Which is correct: “1980s” or “1980’s” (with the apostrophe or without)?

13 Answers

  • When it deals with dates, you "always" keep dates with no apostrophe.

  • It's not quite true that apostrophes are NEVER used to mark the plural (though many seriously MISuse them!)

    It used to be that apostrophes were used to mark the plural of ANY symbol (number, punctuation mark, letters). Some teachers, editors, etc. still do so.

    But most, in keeping with the tendency to use punctuation only when needed to avoid confusion (thus using far fewer commas than once was the norm), most do NOT use an apostrophe in these situations. The one common exception is lower case letters, which might be confused for words or abbreviations without the apostrophe. Thus we write "mind your p's and q's" (nots "ps and qs")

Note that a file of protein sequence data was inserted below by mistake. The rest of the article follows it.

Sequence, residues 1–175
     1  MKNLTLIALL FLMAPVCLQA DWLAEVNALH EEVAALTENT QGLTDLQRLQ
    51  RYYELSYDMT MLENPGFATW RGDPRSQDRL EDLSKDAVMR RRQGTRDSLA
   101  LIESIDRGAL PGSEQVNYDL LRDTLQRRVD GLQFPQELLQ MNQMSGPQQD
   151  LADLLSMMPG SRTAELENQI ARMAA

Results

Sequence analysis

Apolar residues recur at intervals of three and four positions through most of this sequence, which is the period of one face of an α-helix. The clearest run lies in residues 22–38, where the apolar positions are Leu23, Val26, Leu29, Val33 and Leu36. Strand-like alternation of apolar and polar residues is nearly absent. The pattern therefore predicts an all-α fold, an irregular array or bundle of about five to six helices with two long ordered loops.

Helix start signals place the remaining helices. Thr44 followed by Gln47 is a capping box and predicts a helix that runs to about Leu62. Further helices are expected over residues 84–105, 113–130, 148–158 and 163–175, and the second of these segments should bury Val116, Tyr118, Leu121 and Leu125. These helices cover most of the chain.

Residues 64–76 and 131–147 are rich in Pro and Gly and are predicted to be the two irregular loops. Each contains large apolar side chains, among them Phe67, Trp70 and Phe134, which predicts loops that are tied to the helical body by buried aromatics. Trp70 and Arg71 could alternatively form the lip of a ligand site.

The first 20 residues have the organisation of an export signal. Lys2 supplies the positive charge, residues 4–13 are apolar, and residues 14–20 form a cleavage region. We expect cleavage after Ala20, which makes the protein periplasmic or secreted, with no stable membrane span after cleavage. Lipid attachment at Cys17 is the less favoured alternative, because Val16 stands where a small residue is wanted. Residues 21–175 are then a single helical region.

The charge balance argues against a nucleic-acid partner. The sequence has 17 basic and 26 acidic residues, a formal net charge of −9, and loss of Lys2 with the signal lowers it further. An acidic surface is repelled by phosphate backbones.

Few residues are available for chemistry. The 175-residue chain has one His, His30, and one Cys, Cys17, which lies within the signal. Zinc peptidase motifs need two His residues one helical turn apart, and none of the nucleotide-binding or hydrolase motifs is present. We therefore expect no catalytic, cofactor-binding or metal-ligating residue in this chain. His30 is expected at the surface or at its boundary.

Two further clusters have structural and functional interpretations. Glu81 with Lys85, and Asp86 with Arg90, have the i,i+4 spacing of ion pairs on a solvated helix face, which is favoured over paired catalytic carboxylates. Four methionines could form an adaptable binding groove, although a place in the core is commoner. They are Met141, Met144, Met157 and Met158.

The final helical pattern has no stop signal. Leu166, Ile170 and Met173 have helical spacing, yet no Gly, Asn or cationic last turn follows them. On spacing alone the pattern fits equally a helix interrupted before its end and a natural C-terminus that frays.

• 1980s

  • 1980s. I am an editor and I have the latest style manual to the English language in front of me. NO apostrophe.

    Of course, these things change with time, and it's the AUSTRALIAN English language guide. It might be different elsewhere and elsewhen... But at the moment, no apostrophes. Not for acronym plurals like CDs and DVDs, either.

  • 1980's

  • I use it without. Think of it as a plural. Do you use an apostrophe with a plural?

  • an apostrophe indicates possession (except in the case of 'its') so without.

  • Depends on ownership or possesive. The 80's children... or the eighties lol ???? Back in old school, we spelled out the words and even in business, writing, we spell out the word.

  • Either is correct. Some people prefer one way and others prefer the other way. It also matters when you use it.

  • Different grammar books will tell you different things. You're free to go with the one that you like; just stay consistent.

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